laidback charmer marked by the season's juiciest grooves."
addictive. It's hard for me to comprehend that a 'music lover' (however that
might be defined) wouldn't like this. Roseman and his band have set forth a
mighty album. Let the ideas keep flowing. "
-Aiding and Abetting Magazine
more we spin this one...the better it sounds... (Rating: 5)"
draws from the past to probe the future."
-George Varga, San Diego Tribune
Roseman has recorded and toured with the creme de la creme of progressive
modern jazz: Dave Holland, Dave Douglas, Steve Coleman and Don Byron, to name
but a few. Yet his upcoming New Constellations draws major inspiration from one
of the founding fathers of ska, the visionary late trombonist Don Drummond, and
is deeply rooted in early 1960 s Kingston, Jamaica. Roseman (whose mother is
Jamaican), began conceptualizing the New Constellations band after touring and
recording with ska pioneers Tommy McCook, Roland Alphonso and the Skatalites,
requiring a total immersion in the trombone legacy of maestro Drummond.
reflects, "When we played Jamaica, you could hear forty-year old classic
Drummond tracks blasting across the countryside on any night of the week. You
got a clear sense of what this music meant for the people. Drummond is a Jamaican folk icon, comparable
to few trombonists anywhere else. His open, eccentric phrasing, anthematic
melodies and intuitive approach resonated with Roseman. He explains: "Don
transcends the instrument, comparable to Tommy Dorsey, JJ Johnson, Jack Teagarden,
Fred Wesley, Barry Rogers here in the US. Tapping into his sound has given me
another connection to my roots and has opened up another channel into the
horn." New Constellations, however, is no retro recreation project.
Roseman's arrangements and the stellar players of the CONSTELLATIONS
reinterpret Drummond's works and push them into open territory, employing
classic dub, modern electronica and the full complement of modern jazz methods
along the way. This music breaks new ground for a live album and reflects a
subversive creativity both onstage and in the studio.
ska program is further balanced by Roseman's ambitious originals, which draw
from his vast experierience with the finest composers and conceptualists in
jazz today. The CONSTELLATIONS' front line unites Roseman with celebrated
multi- instrumentalist Peter Apfelbaum and young trumpet master Ambrose
Akinmusire (Herbie Hancock, Vijay Iyer). These three horns bring big sounds and
a fresh and committed viewpoint to the material, making the band sound
startlingly expansive. The rhythm team includes Jonathan Maron (bass) and
Barney McAll (keys,) an alliance that began with Roseman with NY funk/acidjazz
pioneers the Groove Collective, continuing thoughout Europe and the US with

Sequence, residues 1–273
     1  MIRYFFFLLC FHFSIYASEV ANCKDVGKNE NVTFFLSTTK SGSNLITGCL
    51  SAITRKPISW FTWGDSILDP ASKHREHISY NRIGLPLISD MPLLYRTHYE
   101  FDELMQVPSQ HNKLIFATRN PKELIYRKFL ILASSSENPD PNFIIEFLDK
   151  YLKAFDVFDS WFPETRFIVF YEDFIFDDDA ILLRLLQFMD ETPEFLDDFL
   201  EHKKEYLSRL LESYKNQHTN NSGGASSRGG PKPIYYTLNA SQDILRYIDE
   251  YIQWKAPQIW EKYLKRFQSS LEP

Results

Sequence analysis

Roseman's future-funk ensemble, the JRU. They are equally comfortable providing
muscle in sweaty dance clubs and creating intricate electronica tapestries on
the concert stage. McAll has a delicate touch on acoustic piano, and his
arsenal also includes tape-delayed melodica, amplified music boxes, a
wide-ranging lo-fi sample library and whatever else that may be on hand. Justin
Brown is a young drum master in NYC, one of the freshest, most audacious new
voices around. A true next-generation player, he's at the center of the CONSTELLATIONS'
continually-evolving group sound.
current projects continue expanding the adventurous territory staked out by his
first two CDs. Roseman's debut as a leader, Cherry (2001), was a study in
interlocking opposites, ingeniously finding common ground between American Top
40 pop culture and the avant-garde. Inspired by Roseman's mentor, the late
Lester Bowie, who played on the recording, Cherry funks the Beatles, Bacharach
and Nirvana and rides Sun Ra to the outer cosmos. Next came Treats for the
Nightwalker (2005), on which Roseman continued his extended adventure along the
frontiers of hip hop and jazz fusion with a sprawling ensemble. With the
release of New Constellations, Roseman is poised to gain an even wider
audience, to earn and redeem more of that hard-earned coin of listener trust
and respect. Whatever the elements Roseman melts into his pot, he works on the
highest level of skill and creativity. There are plenty of surprises and nary
an unmusical moment.
JOSH ROSEMAN Josh is a young road and studio veteran, having recorded fifty to
sixty albums as a sideman. He's toured and/or recorded with Steve Coleman, Dave
Douglas' Sextet, Dave Douglas' Witness, the Dave Holland Big Band, Don Byron,
Lester Bowie's Organ Ensemble, Lester Bowie's Brass Fantasy, Joey Baron's Baron
Down, John Zorn, Uri Caine's Mahler Ensemble, Joshua Redman & the SFJAZZ
Collective, Oliver Lake, Ron Blake, Illinois Jacquet, Steve Turre's Sanctified
Shells, Peter Apfelbaum's Heiroglyphics, the Jazz Passengers, Freddie Hubbard
and the New Jazz Composer's Octet, Michelle Rosewoman among others. He's worked
in NYC with the Saturday Night Live band, the McCoy Tyner big band, David
Murray, Javon Jackson, Sex Mob, the Mingus Big Band and so on. Roseman is
perhaps even better known for his work on the "prog groove" scene,
touring or recording with Medeski Martin and Wood, Soulive, Me'Shell
Ndegeocello, Charlie Hunter, Cibo Matto, PHISH's Mike Gordon, the Brooklyn Funk
Essentials, Sean Lennon, Dead Prez, the Roots, the Skatalites and the Groove
Collective, of which he was a founding member. Roseman is very active as a
bandleader- His primary ensemble, the Josh Roseman unit (JRU) has toured
extensively throughout the US and Europe.